RSoC: improving drivers and kernel - part 3 (largely io_uring)

By 4lDO2 on


After the last week where I was mainly blocked by the bug about blocking init, I’ve now been able to make further progress with the io_uring design. I have improved the redox-iou crate, which is Redox’s own liburing alternative, to support a fully-features buffer pool allocator meant for userspace-to-userspace io_urings (where the kernel can’t manage memory); to work with multiple secondary rings other than the main kernel ring; and to support spawning which you would expect from a proper executor in tokio or async-std.


So, one of the main issues with writing a new completely non-blocking interface where the previous interface sometimes blocks (or rather, blocks on syscall level, not operation level; Redox does have event queues and nonblocking I/O mainly for networking, but the syscalls aren’t asynchronous in the way that one can do multiple at at time without internally blocking, like io_uring requires). I quickly realized as I started to implement the io_uring opcodes, that I would have to reimplement every syscall from scratch, which obviously isn’t that good, especially for an already quite complex API like io_uring.

So, the Redox syscalls are mainly based on the Scheme trait (and other related traits), which is used both by userspace processes like redoxfs or nvmed for their schemes, and for internal kernel schemes, such as event:, irq: or debug:, and the in-kernel UserScheme, that abstracts away buffer management and such when a process is involved in handling a syscall. The Scheme trait is mainly blocking, but it does support toggling the O_NONBLOCK flag by using fcntl.

However, even though the kernel schemes can be nonblocking, almost every single one of them will block the current context (which means either process or a thread. Redox is quite flexible with the actual difference of a thread and a process; they are all contexts, that decide what to share and what not to share between each other when forking). The current way that the kernel handles situations where blocking is required, is by calling context::switch, which will tell the scheduler to keep continuing and update more processes, until the context that was switched away due to blocking, is unblocked, and can continue the syscall.

So, I came up with the AsyncScheme trait, which defines only a single new function, namely poll_handle. What this function is supposed to be doing, is to let the scheme know beforehand, that the caller does not want the scheme to block during the processing of that packet. It’s defined as the following:

pub trait AsyncScheme: Scheme {
    unsafe fn poll_handle(&self, packet: &mut Packet, cx: &mut task::Context<'_>) -> task::Poll<()> {

As you can see, this looks quite like the AsyncRead and AsyncWrite traits from futures; instead of directly returning a future, which Rust currently doesn’t support, they force the implementor to keep track of the state themselves. While this is not the ideal solution in all cases, it actually works pretty well for schemes, since most schemes in userspace store a vec of syscalls to process once they get updatable.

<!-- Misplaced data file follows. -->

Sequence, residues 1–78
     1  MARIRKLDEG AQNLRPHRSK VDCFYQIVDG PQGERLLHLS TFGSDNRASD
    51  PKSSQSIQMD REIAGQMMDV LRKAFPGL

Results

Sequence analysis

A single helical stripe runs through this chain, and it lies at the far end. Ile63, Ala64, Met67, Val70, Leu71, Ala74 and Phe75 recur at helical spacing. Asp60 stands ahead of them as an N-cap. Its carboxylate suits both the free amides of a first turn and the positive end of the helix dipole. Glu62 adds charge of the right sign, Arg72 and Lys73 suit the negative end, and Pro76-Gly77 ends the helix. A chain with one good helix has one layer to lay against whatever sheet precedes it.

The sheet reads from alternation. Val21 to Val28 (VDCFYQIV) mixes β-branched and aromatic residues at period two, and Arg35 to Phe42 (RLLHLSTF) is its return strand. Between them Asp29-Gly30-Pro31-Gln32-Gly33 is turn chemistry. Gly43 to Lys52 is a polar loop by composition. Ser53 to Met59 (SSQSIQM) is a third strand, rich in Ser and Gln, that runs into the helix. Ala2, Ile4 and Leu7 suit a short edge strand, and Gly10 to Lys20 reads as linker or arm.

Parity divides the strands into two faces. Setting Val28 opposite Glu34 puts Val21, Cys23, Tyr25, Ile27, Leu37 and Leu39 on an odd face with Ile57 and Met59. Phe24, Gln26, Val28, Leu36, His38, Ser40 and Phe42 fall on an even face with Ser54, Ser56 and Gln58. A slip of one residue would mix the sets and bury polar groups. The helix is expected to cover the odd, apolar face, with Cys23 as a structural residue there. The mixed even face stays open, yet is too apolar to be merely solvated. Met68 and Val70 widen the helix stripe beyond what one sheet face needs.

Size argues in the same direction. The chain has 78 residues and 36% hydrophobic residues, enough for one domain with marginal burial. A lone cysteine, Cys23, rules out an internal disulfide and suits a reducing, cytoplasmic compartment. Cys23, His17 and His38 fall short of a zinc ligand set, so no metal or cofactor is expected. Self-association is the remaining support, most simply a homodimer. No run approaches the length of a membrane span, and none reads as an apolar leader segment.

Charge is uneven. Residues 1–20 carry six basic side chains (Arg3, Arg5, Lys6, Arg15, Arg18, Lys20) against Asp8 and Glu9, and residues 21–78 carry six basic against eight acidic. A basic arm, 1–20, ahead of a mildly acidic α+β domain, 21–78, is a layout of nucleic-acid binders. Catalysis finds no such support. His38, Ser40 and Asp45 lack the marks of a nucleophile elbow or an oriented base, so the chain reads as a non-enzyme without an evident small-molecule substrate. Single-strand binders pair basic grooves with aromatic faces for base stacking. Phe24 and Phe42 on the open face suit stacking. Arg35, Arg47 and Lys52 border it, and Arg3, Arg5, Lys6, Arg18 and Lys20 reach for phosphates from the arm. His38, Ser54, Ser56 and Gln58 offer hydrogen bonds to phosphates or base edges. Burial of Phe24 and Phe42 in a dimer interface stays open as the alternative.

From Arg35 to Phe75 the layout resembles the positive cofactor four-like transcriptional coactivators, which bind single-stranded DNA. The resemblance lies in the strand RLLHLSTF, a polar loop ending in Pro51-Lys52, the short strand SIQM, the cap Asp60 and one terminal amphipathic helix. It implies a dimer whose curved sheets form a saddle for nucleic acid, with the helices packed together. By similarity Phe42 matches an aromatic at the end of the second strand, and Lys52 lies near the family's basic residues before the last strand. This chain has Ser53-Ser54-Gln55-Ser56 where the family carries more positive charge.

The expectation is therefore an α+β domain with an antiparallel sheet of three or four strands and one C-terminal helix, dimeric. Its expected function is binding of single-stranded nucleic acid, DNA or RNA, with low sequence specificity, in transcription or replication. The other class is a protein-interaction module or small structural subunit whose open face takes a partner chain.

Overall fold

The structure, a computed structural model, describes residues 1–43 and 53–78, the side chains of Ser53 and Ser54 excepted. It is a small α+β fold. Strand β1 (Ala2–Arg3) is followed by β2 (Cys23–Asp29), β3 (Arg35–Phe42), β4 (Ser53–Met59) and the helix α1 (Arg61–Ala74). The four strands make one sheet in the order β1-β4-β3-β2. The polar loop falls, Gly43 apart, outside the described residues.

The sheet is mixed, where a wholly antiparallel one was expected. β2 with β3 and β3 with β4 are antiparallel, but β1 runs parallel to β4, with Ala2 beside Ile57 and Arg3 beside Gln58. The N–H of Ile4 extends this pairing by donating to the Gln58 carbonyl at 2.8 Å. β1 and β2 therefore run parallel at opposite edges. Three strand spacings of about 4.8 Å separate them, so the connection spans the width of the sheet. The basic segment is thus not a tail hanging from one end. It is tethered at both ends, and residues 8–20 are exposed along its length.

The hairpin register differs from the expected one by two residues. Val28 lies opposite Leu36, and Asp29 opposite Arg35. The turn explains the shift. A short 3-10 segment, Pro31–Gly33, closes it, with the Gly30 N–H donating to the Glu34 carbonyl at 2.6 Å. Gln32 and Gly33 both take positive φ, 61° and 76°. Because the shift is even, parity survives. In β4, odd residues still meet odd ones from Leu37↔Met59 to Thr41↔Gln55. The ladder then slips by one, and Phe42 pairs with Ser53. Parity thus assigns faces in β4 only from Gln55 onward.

This also comes with the AsyncSchemeExt trait, that wraps every scheme method, into a method returning a future.

Asyncifying the kernel syscalls

As previously mentioned, to avoid having to rewrite every syscall as an async fn, I changed the existing syscalls to be async fn, and wrote a macro that defines a corresponding .*_sync function, that will poll the syscall future, and then context switch when the future returns Poll::Pending. This changes nothing whatsoever for regular syscalls, except that they block outside the syscall function, rather than inside. This means that the io_uring kernel handler, can use the async functions instead, and prevent complete blocking.

Since the io_uring has three different modes, userspace-to-kernel, kernel-to-userspace, userspace-to-userspace, this would also allow these async syscall handlers, to maybe use the kernel’s kernel-to-userspace ring, as a replacement for the regular scheme packet mechanism, for the schemes that support io_urings.

Better pcid IPC

I also began to improve the IPC between pcid and subdrivers, like xhcid and nvmed, to support io_uring. This is what lead to writing a buffer pool with an included general-purpose size+align allocator (which in fact should be able to function as the global allocator for a Rust program, although it would presumably be quite slow for that purpose). The pcid IPC is one of the main examples of where io_uring gives additional benefits, mostly since it needs to be called by another process every time an MSI interrupt is masked or unmasked.


While the current redox-iou executor and reactor works fine for processes that use io_urings, it doesn’t yet have the functionality for processes that are the producers of an io_uring, for example pcid, which needs to do IPC. It should be straitforward to implement this, for the most part.

I also need to implement buffer pool sharing within the kernel, to let the producer process be able to automatically access new buffers that the consumer process needs. This is not that important for pcid, but a file system and its disk driver would certainly want to have a fast buffer pool between them, where the kernel would automagically mmap the buffers for the other process directly.

I should probably also update the RFC at some point.

And yes, the pcid <=> xhcid <=> usbscsid io_uring-backed IPC remains.